Photo Credit: Jerry Green
Photo Credit: Carrie Threadgill
SCIENTIFIC NAME: Aquila chrysaetos
OTHER NAMES: King of Birds, Royal Eagle
STATUS: Rare in winter, spring, and fall in all regions. HIGH CONSERVATION CONCERN.
DESCRIPTION: The golden eagle (Aquila chrysaetos) is one of
DISTRIBUTION: The golden eagle is distributed across the northern hemisphere. They frequent all states of the
HABITAT: Golden eagles inhabit areas near grasslands and open pastures where food is plentiful. During the winter, golden eagles often are associated with forested ridgelines and forage along small forest openings.
FEEDING HABITS: Golden eagles usually catch all the food they eat, rarely feeding on carrion as is common with the bald eagle. They prey on species such as rabbits, squirrels, gophers, prairie dogs, fawns of the deer family, antelope fawns, wild turkeys, reptiles and other smaller birds. Occasionally young domestic livestock are taken as food. In the southeast during the winter, golden eagles often scavenge for carcasses, such as road-kill or shot white-tailed deer and other mammals.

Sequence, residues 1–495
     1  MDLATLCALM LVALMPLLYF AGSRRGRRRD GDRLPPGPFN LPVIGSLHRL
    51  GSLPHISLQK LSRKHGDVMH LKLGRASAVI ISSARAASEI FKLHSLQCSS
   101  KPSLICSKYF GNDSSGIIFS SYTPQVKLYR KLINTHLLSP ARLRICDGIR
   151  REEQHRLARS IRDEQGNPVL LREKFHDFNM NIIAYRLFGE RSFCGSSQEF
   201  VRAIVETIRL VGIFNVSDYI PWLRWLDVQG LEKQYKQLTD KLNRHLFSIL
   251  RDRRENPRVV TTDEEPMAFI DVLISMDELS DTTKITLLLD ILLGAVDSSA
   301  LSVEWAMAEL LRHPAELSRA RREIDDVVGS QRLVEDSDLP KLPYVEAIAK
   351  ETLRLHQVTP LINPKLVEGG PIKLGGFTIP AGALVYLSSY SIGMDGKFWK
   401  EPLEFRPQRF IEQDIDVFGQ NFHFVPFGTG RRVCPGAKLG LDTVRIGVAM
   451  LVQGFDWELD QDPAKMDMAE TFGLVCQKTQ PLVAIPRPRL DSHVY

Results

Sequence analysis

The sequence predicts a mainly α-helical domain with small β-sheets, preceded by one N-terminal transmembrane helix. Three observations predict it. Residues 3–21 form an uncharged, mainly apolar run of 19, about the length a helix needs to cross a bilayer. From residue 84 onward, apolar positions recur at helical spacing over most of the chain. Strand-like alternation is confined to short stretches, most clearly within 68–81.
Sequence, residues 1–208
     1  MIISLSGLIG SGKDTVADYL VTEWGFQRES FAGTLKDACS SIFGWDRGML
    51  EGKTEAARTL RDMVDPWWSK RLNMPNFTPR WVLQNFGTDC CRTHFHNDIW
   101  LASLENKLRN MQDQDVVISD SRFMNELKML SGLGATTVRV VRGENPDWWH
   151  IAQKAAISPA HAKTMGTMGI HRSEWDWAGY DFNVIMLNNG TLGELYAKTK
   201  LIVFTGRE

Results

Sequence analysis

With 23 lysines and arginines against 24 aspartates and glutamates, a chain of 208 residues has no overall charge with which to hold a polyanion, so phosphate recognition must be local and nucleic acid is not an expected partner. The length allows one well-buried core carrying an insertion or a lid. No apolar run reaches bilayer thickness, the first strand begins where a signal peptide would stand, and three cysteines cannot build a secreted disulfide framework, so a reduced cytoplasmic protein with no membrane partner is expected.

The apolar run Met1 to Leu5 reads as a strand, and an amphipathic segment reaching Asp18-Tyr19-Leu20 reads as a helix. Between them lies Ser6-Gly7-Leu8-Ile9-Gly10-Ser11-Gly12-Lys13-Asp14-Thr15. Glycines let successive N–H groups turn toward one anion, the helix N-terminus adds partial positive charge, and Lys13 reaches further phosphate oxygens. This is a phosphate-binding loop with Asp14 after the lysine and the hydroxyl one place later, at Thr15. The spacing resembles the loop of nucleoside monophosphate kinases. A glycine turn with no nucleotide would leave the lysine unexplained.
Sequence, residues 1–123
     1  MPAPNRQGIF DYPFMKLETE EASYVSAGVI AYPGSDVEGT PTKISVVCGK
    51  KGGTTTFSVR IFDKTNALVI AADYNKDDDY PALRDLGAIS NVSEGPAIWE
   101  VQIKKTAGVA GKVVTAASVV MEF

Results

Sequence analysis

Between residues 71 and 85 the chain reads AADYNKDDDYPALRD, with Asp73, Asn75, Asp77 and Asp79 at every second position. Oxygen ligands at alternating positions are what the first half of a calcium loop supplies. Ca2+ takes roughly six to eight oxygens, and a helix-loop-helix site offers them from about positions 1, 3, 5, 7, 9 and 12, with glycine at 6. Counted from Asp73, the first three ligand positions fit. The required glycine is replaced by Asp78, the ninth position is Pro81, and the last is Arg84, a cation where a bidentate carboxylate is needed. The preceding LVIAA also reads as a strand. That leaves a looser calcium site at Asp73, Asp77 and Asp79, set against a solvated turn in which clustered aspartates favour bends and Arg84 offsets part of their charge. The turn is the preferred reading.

The young begin to fly when 72 to 84 days old but depend upon their parents for another three months. Then the young will either migrate or move out of the parents' territory but overwinter in the area where they were hatched.
The life span of the golden eagle is estimated to be about 30 years.
Davis, James R. Non-game Birds in
AUTHOR: Kevin Holsonback, Wildlife Biologist, Division of Wildlife and Freshwater Fisheries